Huw Irranca-Davies: On that very point, I am grateful for the clarity of the right hon. Gentleman's response, although the figure seems less than the support that the Labour Government put into the post office network. An individual in my constituency has just successfully kept a branch open with the investment of tens of thousands of pounds of his own money, as well as funds from the Welsh Assembly Government and some Post Office Ltd money. Will he be an independent trader under the umbrella of Post Office Ltd, or some sort of commercial, co-operative, mutual whatever? He has just put a lot of money in, and the Secretary of State does not seem to be clear.
Vince Cable: I am surprised to hear Opposition Members speaking against mutualisation and co-operation. I thought that was at the heart of the Labour movement's values. We will consult on how, in practical terms, the post office network becomes a mutual structure. I made that clear. By shifting us into the structural arguments again, the hon. Gentleman is taking away from the considerable importance of the announcement that has just been made, which is that the process of remorseless and endless closures-I think he has had seven in Ogmore-is going to come to an end.
Huw Irranca-Davies: On a point of order, Mr Deputy Speaker. The right hon. Gentleman is spraying around statistics on post office closures and, once again, he is getting them wrong. I realise that I may be out of order, but that is unforgivable.
Mr Deputy Speaker (Mr Lindsay Hoyle): Let us clear this up. We both know that that is not a point of order. Many hon. Members want to speak. Spurious points of order do not help the Chamber. We need to get on with the debate. We may have a chance for everybody to put their opinions afterwards.
John Hemming (Birmingham, Yardley) (LD): On the issue of the individual, private, sub-contracted post offices, does my right hon. Friend find it surprising that Labour Members cannot understand that those post offices will remain open as independent sub-contractors with a mutual network?
Vince Cable: Yes. Labour Members seem to find the concept of an expanding, properly invested post office system a bit of a culture shock. They have got used to a decade of decline-they presided over it.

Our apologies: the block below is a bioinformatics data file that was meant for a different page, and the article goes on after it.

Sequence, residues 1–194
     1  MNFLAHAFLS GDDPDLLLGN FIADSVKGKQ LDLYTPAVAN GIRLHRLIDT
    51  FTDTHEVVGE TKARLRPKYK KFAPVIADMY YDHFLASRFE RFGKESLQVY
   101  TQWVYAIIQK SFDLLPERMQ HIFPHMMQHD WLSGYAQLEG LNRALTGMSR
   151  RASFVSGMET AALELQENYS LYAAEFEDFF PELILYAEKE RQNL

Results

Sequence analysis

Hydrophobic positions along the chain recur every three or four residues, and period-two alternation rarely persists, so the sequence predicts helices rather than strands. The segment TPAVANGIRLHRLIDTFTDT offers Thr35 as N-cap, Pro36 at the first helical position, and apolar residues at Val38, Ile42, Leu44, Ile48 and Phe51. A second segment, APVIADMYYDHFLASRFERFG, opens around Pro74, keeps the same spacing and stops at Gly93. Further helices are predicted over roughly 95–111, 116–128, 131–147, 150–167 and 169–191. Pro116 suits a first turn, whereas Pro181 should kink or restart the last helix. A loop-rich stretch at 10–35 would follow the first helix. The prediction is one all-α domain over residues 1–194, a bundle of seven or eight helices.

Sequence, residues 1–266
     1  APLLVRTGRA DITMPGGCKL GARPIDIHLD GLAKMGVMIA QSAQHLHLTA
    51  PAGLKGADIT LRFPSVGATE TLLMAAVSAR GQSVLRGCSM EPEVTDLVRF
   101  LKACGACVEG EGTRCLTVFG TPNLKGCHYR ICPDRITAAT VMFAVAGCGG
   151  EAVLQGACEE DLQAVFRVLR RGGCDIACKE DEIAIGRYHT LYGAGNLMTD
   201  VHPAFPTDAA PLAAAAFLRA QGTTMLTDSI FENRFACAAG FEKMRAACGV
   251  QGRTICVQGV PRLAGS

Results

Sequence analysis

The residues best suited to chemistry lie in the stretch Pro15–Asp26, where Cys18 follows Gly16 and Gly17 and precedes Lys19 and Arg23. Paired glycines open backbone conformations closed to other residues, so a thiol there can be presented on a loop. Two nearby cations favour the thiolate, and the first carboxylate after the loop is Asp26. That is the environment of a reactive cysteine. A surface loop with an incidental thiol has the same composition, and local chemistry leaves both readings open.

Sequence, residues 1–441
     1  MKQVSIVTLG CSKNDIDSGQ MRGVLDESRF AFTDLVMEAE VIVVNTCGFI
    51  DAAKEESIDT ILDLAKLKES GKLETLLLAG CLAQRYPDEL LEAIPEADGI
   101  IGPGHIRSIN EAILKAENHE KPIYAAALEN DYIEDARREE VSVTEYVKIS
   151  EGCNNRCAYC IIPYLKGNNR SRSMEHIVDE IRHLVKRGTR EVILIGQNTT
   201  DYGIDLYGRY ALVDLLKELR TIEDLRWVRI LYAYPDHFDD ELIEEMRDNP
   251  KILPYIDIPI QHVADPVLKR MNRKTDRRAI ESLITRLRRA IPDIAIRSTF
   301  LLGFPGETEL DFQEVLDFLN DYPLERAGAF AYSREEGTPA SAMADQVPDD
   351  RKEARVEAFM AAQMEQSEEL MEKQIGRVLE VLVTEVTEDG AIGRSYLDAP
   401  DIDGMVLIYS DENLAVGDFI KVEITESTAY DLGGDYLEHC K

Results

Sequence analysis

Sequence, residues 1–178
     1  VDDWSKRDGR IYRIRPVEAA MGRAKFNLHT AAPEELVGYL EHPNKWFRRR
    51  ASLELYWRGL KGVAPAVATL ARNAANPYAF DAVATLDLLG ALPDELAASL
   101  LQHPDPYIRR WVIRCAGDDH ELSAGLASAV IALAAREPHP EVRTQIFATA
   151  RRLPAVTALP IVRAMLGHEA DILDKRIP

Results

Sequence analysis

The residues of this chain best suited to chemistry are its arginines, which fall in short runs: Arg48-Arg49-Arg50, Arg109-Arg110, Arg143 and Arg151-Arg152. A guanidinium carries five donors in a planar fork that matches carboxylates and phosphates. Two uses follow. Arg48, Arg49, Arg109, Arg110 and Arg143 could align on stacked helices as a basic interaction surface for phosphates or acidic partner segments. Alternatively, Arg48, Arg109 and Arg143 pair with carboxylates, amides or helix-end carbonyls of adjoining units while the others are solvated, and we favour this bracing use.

Tom Brake (Carshalton and Wallington) (LD): Does my right hon. Friend believe that he has created enough scope for post offices such as the one in Beddington, which shut a number of years ago, to be reopened? In what circumstances does he see new post offices opening?
Vince Cable: As I say, investment capital availability ultimately comes down to the individual decision of individual postmasters. As my right hon. Friend the Member for Wokingham (Mr Redwood) pointed out, these are individual investment decisions, but the network will in future be put on a structurally sound, properly funded basis. That is the essence of the reforms that we are introducing.
In addition to funding, we are injecting new ideas. We have been re-thinking the role of post offices in providing Government and banking services, and we will be coming back shortly with a fuller statement on that problem, setting out some new and positive ideas that I hope will command support on both sides of the House and in the country.
I would like to reassure the House with respect to the relationship between the Post Office and Royal Mail. The Post Office is currently a subsidiary of Royal Mail, but they are separate companies and they are very different businesses. As part of our plans for both companies, the Bill will allow for the separation of Royal Mail and the Post Office. Separation will give the Post Office management greater freedom to focus on the branch network and providing new services, but I want to make it clear that in this case at least, separation is not a first step towards divorce.
The Post Office and Royal Mail will continue to work closely together. Each company needs the other. Post offices carried out over 3 billion mail transactions for Royal Mail last year. The two companies are closely
linked in the public mind, and are bound together by an overwhelming commercial imperative. There is currently a long-term contract in place between the two companies, and there will continue to be a long-term commercial contract in place. The chief executive of Royal Mail has said that it would be "unthinkable" that there will not always be a strong relationship between the Post Office and Royal Mail.
Julie Hilling (Bolton West) (Lab): I am slightly confused by what the right hon. Gentleman has said. First, will all post offices remain open? Secondly, will the private company always have to do business with those post offices? Is that guaranteed for ever and ever?
Vince Cable: No. The relationship between Royal Mail and the Post Office rests on two things-first, on mutual interest. They have strong mutual interests and depend on each other. Secondly, there is a contractual relationship. This will not change as a result of the separation of the two. Public ownership did not secure the arrangement. It is secured by mutual interest and contractual obligation. That will continue.